The cost of being part of the New Economy declines as its benefits increase. The price of a new computer has fallen at an average rate of almost 20 percent a year since the early 1950s. Spending on information technology was less than 7 percent of total equipment investment in 1954, but is 50 percent of total equipment investment today. Meanwhile the structures of twenty-first-century industries are continually transformed through convergence. There is interpenetration of content and delivery, fixed and mobile telephony, and voice and data transmission. Telephone, radio, and television can be delivered together and in a number of competing ways. But these innovations have lengthened the working day as people can be reached twenty-four hours a day, seven days a week. These innovations have enhanced management’s ability to monitor their employees’ work and communications. Sophisticated software scans employee e-mail for words such as “union,” while the number of orders processed, words typed, and requests fulfilled are computed automatically and arrayed by employee for supervisors to compare. Personal users of the Internet are tracked and their inner secrets pried out by compiling the sites they visit and the purchases they make; their consumer profile is then sold to advertisers to customize the sales effort.
Just as in earlier waves of capitalist expansion, maximization of private profit collides with social needs, and technologies are developed in ways that serve capital at the expense of working people. As David Coates has written: “Globalization in its modern form is a process based less on the proliferation of computers than on the proliferation of proletarians. The growth in the size of the world’s proletariat and the change in its geographical centers of gravity—and not simply the enhanced mobility of capital—are among the defining features of the current phase of global capitalism.”4 In mainstream discourse this is usually ignored, or denied, while the intensified exploitation of labor is celebrated as a factor contributing to the marvelous performance of the New Economy.
High tech, of course, does not supply high-wage employment to most of its workers. Below the dot-com former zillionaires (many of whom are unemployed while others remain multimillionaires), and the stock-option staff (who may wish they had opted for health benefits, job security, and pensions instead), are the subcontract fulfillers who never had much of anything and vastly outnumber the higher profile masters of the high-tech universe. Silicon Valley’s electronics industry remains part of the global assembly line. The underside of the valley is inhabited by Mexicans and Cambodians living in crowded conditions at exorbitant rents, and who are paid four or five dollars an hour for work they are forced to take home when delivery deadlines have to be met. Forty percent of the homeless in Santa Clara County have jobs; they just can’t afford housing on what they make, nor can teachers, firefighters, or police. Jobs are available in the valley, indeed more than a third of local “high-tech” jobs go begging according to a survey of employers. That’s because many of these are in sub-contract manufacturing and the outsourcing of service jobs that keep costs down for the dot-coms, some of whom are the most profitable companies in the world. The majority of the valley’s residents are nonwhite, largely Mexican immigrants. Forty-two percent of Santa Clara County’s work force are part-time, temps, contract workers, or self-employed, compared to half of that proportion in the 1980s. The recovery and the prosperity have not been shared. Generally in this country the low unemployment rate is hardly an indication of well-being. Real wages for most workers have been stagnant and for the bottom 40 percent or so have fallen substantially.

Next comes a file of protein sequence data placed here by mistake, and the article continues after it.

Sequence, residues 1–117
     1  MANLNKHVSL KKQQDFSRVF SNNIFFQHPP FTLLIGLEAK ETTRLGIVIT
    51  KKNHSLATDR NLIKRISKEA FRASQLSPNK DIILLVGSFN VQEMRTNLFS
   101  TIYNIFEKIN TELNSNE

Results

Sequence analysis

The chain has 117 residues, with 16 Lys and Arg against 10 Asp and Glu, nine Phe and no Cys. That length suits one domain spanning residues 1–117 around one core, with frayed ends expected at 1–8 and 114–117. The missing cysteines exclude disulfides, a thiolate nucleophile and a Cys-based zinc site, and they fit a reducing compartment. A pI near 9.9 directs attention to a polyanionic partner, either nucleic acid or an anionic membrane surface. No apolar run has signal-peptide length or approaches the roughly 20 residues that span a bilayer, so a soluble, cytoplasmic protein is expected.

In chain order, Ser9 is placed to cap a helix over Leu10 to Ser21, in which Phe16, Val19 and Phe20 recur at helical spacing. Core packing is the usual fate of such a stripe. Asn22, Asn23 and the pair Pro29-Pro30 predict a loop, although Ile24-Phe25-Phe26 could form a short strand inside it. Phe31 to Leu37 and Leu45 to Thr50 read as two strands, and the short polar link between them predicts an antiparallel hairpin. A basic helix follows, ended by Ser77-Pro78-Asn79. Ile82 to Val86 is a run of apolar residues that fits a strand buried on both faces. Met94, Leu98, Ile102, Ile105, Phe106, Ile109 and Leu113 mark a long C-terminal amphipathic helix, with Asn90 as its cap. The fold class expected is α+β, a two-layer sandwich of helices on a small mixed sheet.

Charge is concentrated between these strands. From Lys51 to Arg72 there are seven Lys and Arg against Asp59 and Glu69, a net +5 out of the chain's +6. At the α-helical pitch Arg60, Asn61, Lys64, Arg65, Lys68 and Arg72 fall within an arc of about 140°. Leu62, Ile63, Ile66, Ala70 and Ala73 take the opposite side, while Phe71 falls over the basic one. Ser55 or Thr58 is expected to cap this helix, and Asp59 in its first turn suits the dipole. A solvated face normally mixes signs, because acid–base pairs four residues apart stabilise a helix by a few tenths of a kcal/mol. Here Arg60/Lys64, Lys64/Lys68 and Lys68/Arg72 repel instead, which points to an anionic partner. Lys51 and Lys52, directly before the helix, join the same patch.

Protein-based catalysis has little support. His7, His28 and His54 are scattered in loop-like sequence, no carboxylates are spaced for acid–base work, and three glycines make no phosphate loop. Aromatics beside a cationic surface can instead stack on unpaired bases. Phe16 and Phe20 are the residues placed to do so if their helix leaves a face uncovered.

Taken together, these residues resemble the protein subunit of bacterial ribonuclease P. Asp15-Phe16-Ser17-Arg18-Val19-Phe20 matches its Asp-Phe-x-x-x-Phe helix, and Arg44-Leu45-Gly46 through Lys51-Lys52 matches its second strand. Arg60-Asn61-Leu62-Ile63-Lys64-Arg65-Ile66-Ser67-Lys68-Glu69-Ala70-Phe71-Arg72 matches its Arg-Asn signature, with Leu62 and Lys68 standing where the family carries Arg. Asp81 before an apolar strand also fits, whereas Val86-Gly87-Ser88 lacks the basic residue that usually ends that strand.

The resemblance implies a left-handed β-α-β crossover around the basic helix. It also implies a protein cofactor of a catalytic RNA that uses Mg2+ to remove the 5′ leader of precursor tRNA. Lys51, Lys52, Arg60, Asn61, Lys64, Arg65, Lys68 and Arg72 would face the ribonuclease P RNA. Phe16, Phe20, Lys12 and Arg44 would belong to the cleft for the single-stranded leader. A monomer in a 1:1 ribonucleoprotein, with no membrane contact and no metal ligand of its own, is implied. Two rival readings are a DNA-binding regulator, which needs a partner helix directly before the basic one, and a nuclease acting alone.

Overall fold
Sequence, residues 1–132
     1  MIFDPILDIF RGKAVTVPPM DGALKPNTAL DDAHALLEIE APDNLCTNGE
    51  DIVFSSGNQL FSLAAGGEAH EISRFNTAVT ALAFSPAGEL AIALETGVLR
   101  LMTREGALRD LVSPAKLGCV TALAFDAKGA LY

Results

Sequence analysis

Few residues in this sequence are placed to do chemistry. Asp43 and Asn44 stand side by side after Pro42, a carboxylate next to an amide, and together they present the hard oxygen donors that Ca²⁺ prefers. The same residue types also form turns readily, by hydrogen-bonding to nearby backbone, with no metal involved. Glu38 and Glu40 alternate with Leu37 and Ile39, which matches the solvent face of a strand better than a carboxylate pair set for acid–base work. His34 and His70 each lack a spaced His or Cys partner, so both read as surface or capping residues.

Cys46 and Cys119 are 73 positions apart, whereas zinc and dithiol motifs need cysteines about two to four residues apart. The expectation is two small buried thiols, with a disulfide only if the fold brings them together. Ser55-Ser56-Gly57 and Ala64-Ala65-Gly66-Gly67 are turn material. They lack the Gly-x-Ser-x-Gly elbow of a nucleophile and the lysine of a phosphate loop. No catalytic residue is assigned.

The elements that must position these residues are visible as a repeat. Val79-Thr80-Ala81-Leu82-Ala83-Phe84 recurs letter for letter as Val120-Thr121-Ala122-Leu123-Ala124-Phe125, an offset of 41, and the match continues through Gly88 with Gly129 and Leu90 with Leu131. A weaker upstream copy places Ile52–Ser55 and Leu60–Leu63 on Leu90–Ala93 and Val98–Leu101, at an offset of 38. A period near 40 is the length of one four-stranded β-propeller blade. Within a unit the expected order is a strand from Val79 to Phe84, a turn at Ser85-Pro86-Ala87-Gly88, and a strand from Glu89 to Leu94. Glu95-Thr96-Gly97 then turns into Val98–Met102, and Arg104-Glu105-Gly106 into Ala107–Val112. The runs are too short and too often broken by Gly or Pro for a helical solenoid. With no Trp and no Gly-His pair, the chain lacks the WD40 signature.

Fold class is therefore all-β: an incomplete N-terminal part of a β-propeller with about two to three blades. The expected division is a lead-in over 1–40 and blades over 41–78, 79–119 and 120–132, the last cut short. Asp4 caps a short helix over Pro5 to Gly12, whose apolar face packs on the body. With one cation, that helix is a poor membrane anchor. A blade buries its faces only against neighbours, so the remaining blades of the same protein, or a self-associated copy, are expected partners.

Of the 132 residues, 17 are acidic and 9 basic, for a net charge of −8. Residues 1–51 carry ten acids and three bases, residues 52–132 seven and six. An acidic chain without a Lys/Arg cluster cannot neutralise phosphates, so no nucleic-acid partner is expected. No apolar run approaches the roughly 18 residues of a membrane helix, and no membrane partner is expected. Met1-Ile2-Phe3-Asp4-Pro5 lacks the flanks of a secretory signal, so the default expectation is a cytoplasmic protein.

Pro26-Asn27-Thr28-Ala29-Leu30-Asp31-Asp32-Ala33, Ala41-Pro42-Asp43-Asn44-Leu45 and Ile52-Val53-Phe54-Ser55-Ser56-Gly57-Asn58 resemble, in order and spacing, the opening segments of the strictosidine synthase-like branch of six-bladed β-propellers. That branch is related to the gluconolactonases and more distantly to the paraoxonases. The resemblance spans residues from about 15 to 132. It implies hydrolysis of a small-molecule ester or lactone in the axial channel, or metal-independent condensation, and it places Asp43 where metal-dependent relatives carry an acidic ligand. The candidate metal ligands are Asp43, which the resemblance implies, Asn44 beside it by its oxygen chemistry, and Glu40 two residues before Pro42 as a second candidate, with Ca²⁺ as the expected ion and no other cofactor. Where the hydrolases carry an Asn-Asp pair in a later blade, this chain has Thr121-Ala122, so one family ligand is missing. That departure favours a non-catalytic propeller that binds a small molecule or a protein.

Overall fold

Despite its importance for the stock market the New Economy is not producing a general prosperity; frequently it is an enclave economy. Indeed, it is part of the growing inequality at home and in “Belinda.” Belinda is that paradigmatic country with a dual economy. While it has a high-skilled capital-intensive sector comparable to Belgium, most of its citizens live under conditions comparable to India. Not only is India itself a Belinda, so are South Africa, Brazil, and many other countries with gross inequalities. Such a pattern of combined and uneven development is nothing new of course.
It would be well to remember that 99 percent of the billion or so workers who will join the labor force over the next quarter century will live in what are today’s low- and middle-income countries. According to the World Bank, “there is no worldwide trend toward convergence between the rich and the poor workers. Indeed,” their annual report has noted, “there are risks that workers in poorer countries will fall further behind.”5 This means that not only will there continue to be immigration, documented and undocumented, but that a vast labor reserve exists, and a vastly larger one is coming into existence. This poses a threat to the living standards of the higher-skilled as well as the lower-skilled workers in the core. Relatively low-wage skilled workers exist in increasing abundance in the periphery, ranging from computer programmers in Bangalore, India, to the highly skilled technicians fashioning replacement teeth and crowns in Merida, Mexico, for the U.S. market.